The most likely mechanism for the beneficial effect of BCG is an alteration in innate immune function, which would explain why an effect is seen early in the first 1-3 days after vaccination. 30 In adults, immunization with the BCG vaccine leads to elevated production of the pro-inflammatory cytokines tumor-necrosis factor and interleukin 1b in response to non- BCG–related stimuli that is maintained for up to 3 months after vaccination. Furthermore, monocytes recovered 1 year after such vaccination still display increased expression of the co-receptor CD14, pattern-recognition receptors (for example, Toll-like receptor 4) and the receptor for mannose. The underlying molecular mechanisms that lead this sustained alteration in function of the innate immune system following immunization with the BCG vaccine appear to relate to changes in the epigenetic regulation of gene expression following innate stimulation. The effect on innate immunity is at least in part due to an epigenetic mechanism mediated by methylation of histone. 31 In other words, exposure to BCG changes both the phenotype as the circulation status of mononuclear cells, increasing CD14+ number of monocytes and their receptors expression. In addition, it is known that modification of histones (acetylation or methylation) is crucial in regulating the inflammatory response in the body and it was observed that vaccination with BCG increases the trimethylation of histone H3 in lysine K4 (H3K4). In a combination of studies In vivo and In vitro, it has been demonstrated that an epigenetic change NOD2 mediated at the level of histone methylation is the mechanism by which BCG acts in the immune system. So, it was concluded that monocytes can be reprogrammed and "trained" to a new phenotype acquired after vaccination with BCG and it can cause two types of immune responses: 1. classical and induces a specific immune response involving antigen specificity by T cells and immunological memory leading to protection against tuberculosis, 2. induces adaptive response based on reprogramming the mononuclear phagocyte system, which results in protection against other infections other than tuberculosis. It is possible that changes in innate immunity following such immunization differ according to age and sex of the recipients; age-dependent differences between infants and adults have been noted in their innate immunity in general and in their response to the BCG vaccine in particular [30-32].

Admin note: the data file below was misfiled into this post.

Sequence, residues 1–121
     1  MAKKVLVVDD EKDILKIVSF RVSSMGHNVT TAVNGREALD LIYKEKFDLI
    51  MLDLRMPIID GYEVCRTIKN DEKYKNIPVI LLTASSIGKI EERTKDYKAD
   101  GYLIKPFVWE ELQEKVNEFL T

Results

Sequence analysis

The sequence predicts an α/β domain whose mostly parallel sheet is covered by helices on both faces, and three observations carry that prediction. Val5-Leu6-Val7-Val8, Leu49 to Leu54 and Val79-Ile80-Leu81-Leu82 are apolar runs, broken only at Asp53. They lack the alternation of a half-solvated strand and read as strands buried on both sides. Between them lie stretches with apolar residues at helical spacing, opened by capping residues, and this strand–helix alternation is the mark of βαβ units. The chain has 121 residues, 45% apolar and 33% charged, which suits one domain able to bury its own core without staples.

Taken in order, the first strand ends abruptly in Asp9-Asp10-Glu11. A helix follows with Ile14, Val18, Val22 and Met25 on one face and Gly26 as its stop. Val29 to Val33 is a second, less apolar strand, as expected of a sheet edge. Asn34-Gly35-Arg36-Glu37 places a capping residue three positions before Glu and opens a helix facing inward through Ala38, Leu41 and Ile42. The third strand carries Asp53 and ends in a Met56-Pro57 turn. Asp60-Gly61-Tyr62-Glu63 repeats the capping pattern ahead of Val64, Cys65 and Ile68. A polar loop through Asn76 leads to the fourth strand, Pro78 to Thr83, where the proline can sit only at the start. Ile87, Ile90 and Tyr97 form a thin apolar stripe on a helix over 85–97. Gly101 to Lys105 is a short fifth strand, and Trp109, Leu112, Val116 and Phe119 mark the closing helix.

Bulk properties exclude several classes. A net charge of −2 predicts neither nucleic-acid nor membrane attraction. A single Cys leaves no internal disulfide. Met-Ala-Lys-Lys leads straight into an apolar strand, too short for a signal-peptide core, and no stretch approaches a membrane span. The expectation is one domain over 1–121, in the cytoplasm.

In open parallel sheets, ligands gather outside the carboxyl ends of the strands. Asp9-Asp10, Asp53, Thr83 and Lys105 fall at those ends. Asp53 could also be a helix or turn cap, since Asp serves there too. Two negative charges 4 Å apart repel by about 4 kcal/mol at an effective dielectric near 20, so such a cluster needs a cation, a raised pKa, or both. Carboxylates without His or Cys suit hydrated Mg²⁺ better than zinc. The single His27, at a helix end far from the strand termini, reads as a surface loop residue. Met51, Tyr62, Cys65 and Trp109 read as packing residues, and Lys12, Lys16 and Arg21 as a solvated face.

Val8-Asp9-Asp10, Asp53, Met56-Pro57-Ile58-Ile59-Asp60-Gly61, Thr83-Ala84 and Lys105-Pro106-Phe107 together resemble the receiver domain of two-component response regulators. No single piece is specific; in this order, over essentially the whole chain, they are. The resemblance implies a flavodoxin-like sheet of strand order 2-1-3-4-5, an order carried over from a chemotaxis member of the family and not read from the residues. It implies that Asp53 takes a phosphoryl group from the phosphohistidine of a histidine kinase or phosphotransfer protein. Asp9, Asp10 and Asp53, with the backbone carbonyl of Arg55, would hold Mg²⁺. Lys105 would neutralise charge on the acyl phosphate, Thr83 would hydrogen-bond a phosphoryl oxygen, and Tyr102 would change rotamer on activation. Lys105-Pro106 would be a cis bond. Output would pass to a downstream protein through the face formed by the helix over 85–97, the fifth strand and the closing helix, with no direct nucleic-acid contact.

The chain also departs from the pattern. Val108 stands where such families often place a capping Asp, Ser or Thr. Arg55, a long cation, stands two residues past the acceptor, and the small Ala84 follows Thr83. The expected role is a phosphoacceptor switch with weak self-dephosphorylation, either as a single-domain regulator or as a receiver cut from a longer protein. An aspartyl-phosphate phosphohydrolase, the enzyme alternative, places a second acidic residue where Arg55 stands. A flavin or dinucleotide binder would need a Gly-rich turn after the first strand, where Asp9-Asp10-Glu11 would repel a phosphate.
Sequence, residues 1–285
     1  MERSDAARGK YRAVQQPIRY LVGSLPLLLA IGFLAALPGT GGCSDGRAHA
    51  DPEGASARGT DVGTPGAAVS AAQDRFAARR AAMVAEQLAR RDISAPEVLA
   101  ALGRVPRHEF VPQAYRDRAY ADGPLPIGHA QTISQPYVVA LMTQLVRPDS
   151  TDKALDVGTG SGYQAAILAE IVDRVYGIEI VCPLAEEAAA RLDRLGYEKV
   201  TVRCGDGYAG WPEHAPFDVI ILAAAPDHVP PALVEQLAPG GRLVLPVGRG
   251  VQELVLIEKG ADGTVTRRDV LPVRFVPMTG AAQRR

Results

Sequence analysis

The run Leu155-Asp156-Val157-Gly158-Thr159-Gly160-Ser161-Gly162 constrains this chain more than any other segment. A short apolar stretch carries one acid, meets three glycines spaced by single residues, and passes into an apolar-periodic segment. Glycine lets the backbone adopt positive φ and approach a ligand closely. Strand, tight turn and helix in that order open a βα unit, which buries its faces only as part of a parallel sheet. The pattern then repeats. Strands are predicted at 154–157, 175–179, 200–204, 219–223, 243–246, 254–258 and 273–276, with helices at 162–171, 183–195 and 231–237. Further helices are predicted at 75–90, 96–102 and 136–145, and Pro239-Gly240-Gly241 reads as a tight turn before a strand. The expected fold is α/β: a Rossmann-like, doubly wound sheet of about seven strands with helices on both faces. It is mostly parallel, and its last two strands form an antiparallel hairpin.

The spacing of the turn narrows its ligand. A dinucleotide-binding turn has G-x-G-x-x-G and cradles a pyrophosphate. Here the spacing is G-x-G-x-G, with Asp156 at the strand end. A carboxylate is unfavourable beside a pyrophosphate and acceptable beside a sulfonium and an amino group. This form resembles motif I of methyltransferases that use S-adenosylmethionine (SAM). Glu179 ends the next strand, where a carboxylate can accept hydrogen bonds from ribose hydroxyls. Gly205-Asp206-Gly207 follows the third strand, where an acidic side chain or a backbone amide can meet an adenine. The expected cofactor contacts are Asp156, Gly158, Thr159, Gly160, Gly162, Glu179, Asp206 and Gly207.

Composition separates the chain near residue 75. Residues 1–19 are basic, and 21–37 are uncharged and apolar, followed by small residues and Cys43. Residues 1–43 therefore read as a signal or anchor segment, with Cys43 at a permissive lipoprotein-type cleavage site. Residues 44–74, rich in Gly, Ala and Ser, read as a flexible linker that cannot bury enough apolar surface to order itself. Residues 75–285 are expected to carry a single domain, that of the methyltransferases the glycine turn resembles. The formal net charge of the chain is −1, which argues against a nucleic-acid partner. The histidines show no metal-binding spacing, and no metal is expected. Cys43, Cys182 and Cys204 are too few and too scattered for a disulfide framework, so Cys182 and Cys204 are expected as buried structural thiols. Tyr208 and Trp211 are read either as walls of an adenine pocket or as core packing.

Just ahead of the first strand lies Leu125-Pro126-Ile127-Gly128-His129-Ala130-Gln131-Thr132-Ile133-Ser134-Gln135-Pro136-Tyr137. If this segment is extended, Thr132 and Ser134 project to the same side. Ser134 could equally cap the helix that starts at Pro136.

There is evidence that BCG vaccine produced by different manufacturers has very different clinical effects. Unfortunately, most investigators did not record the strain of BCG that was used in the studies reported here. We know that BCG-Denmark was used in the two randomized trials in lowbirth- weight babies in Guinea-Bissau [9,10], but it cannot be assumed that other strains of BCG will have the same effect. BCG-Denmark and BCG-Japan both contain at least two different genomes, which may explain the considerable variation in clinical effects between batches from individual manufacturers. We need to determine what genomes are in all the BCG products made by the major manufacturers, determine the most effective genome, and standardize production using that genome.
The evidence that BCG has beneficial non-specific effects has important implications for policy . In addition to developing a vaccine based on the most effective genome, we need to ensure that as many children as possible are given BCG at birth in high-mortality countries. Although it is policy for BCG to give at the time of birth, the vaccine is usually supplied in 20-dose vials and many clinics do not open a vial until they have 8-12 infants to immunize, so most neonates do not currently get BCG at birth. In addition, if a new vaccine is developed that provides better protection than BCG against tuberculosis in older children and adults, there will be a strong case for continuing to give BCG to neonates to provide the beneficial non-specific effects.
The evidence that BCG approximately halves all-cause mortality suggests that substantial further reductions in child mortality could be achieved by giving BCG at birth to all babies in high-mortality countries, and by identifying the BCG genome that provides the most effective protection against tuberculosis and infections other than tuberculosis. We urgently need randomized trials of other BCG strains in addition to the two trials of BCG-Denmark that have been performed in Guinea-Bissau.
The authors have no financial relationships relevant to this article to disclose.
The authors have no conflicts of interest to disclose.
Cintia Cruz: Dra Cruz conceptualized and designed the study, designed the data collection instruments, reviewed the selected articles, carried out the initial analyses, reviewed and revised the manuscript and approved the final manuscript as submitted.
Bruna Almeida: Dra Almeida conceptualized and designed the study, designed the data collection instruments, reviewed the selected articles, carried out the initial analyses, reviewed and revised the manuscript and approved the final manuscript as submitted.
Eduardo Troster: Dr Troster conceptualized and designed the study, designed the data collection instruments and coordinated and supervised data collection, critically reviewed the manuscript, and approved the final manuscript as submitted.
Cardim Oliveira: Dr Cardim conceptualized and designed the study, designed the data collection instruments, worked on the statistical analyses, critically reviewed the manuscript, and approved the final manuscript as submitted.
All authors approved the final manuscript as submitted and agree to be accountable for all aspects of the work.